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Free Press just released a damning report on the democracy-threatening failures of the social-media platforms. Empty Promises: Inside Big Tech’s Weak Effort to Fight Hate and Lies in 2022 — which just dropped in a Washington Post exclusive reveals the ongoing failures of Meta, TikTok, Twitter and YouTube to curb the spread of election disinformation and extremism across their networks.

Democracy hangs in the balance

During the summer, Free Press and our partners in the Change the Terms coalition met with the four companies and called on them to implement 15 priority reforms to safeguard the election. In the ensuing months, we repeatedly followed up with each company, but received no substantive responses from Meta, Twitter or YouTube (we heard from TikTok, but the response was insufficient).

Free Press reviewed the policies of the four companies to consider how prepared, both in writing and practice, the companies are for the upcoming elections. Our report finds that the problem is just as dire in advance of the 2022 U.S. midterms as it was during the nation’s 2020 elections.

With less than two weeks to go before the midterms, hate speech, harassment, conspiracy theories, threats and lies about the election are reaching millions of social-media users in the United States. And there’s an all-too-real potential for this online crisis to have horrific offline consequences.

A systemic failure

As our report shows, social-media platforms haven’t adopted or enforced equitable content-moderation policies. Their efforts to address non-English disinformation are lackluster at best. All four companies allow VIPs like right-wing members of Congress to play by a different set of rules than the rest of us, even though these high-profile figures account for the highest volume of hate speech and lies on the platforms. And these companies have failed to offer the transparency necessary to fully evaluate whether they are enforcing the policies they have on the books.

“Platforms like Meta, TikTok, Twitter and YouTube can’t commit to the most basic online protections to limit the spread of disinformation and hate,” explains Free Press’ Nora Benavidez, the lead author of Empty Promises. “And in practice, our research shows ongoing gaps in companies’ enforcement of their own meager safety policies. These are systemic failures across all of the major social-media companies that show how little the companies care about safeguarding elections and fighting extremism and lies on their platforms.”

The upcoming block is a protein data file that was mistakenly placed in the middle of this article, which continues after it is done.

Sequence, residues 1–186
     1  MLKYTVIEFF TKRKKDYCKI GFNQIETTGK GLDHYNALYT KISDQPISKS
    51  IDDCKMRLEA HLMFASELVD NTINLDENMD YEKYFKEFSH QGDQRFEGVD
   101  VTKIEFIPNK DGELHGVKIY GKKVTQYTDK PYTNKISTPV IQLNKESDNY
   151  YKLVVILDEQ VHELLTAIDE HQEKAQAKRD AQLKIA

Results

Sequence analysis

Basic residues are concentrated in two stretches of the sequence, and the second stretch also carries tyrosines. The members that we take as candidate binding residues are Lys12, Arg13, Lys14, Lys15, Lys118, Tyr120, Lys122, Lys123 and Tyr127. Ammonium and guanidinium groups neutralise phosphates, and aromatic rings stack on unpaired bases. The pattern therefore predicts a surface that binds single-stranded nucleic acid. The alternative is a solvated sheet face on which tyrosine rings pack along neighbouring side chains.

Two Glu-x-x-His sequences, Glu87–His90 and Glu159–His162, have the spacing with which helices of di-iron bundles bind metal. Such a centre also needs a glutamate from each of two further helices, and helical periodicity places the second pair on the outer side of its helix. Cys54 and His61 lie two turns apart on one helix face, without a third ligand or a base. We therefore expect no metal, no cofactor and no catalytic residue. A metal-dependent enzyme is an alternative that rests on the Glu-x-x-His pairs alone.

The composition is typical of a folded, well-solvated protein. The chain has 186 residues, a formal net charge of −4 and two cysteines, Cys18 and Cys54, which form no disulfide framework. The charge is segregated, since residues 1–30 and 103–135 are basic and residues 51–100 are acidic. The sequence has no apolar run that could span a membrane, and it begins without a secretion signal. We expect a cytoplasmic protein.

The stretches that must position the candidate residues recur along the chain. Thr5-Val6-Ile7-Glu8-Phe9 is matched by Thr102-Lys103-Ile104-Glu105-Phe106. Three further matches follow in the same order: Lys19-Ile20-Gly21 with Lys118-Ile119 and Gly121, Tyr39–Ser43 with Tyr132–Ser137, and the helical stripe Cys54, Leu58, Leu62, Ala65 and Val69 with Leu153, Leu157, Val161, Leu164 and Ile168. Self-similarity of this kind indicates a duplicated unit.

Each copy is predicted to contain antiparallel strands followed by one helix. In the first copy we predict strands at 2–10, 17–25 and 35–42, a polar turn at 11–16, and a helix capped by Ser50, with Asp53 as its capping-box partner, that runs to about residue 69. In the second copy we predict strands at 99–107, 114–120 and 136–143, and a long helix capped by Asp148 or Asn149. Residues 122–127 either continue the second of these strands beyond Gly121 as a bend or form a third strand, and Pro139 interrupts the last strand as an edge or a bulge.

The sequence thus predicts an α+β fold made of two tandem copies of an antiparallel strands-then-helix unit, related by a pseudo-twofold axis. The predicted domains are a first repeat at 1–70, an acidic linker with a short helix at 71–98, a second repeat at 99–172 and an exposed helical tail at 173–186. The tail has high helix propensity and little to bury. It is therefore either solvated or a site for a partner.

Change the Terms — the coalition of more than 60 civil-rights groups that we co-founded to hold the platforms accountable — held a briefing on Thursday alongside the Real Facebook Oversight Board. I spoke during the call to highlight our Empty Promises research and the threat that social-media platforms’ inaction poses to our democracy.

A USA Today Op-Ed that I cowrote with Heidi Beirich notes that Meta has shown a callous disregard for the risks at hand. “Meta has cut its election-integrity staff by 80% — from 300 people to 60, according to The New York Times. This means fewer experts on hand to detect election lies, voting misinformation and foreign interference in the midterms — and put in place the safeguards to stop them.”

Things also look dire at Twitter, which was already failing to take crucial steps and seems likely to become even more of a cesspool under Elon Musk’s leadership. Already Musk has fired Vijaya Gadde, who played a key role in the decision to ban Trump from the platform following the Jan. 6 insurrection (a decision Musk has indicated he wants to reverse).

The stakes couldn’t be higher

This election is a dress rehearsal for even greater threats in 2024. It’s yet to be seen whether we can count on peaceful transitions of power and become a multiracial democracy. We need a media system that confronts these threats and builds toward a more just world — not one that exploits and profits from its demise.

A big part of Free Press’ work is calling out corporate media’s failures and moving to protect people from concrete and immediate harms. We believe that online platforms have a responsibility to us — their users — to protect public safety and democracy.

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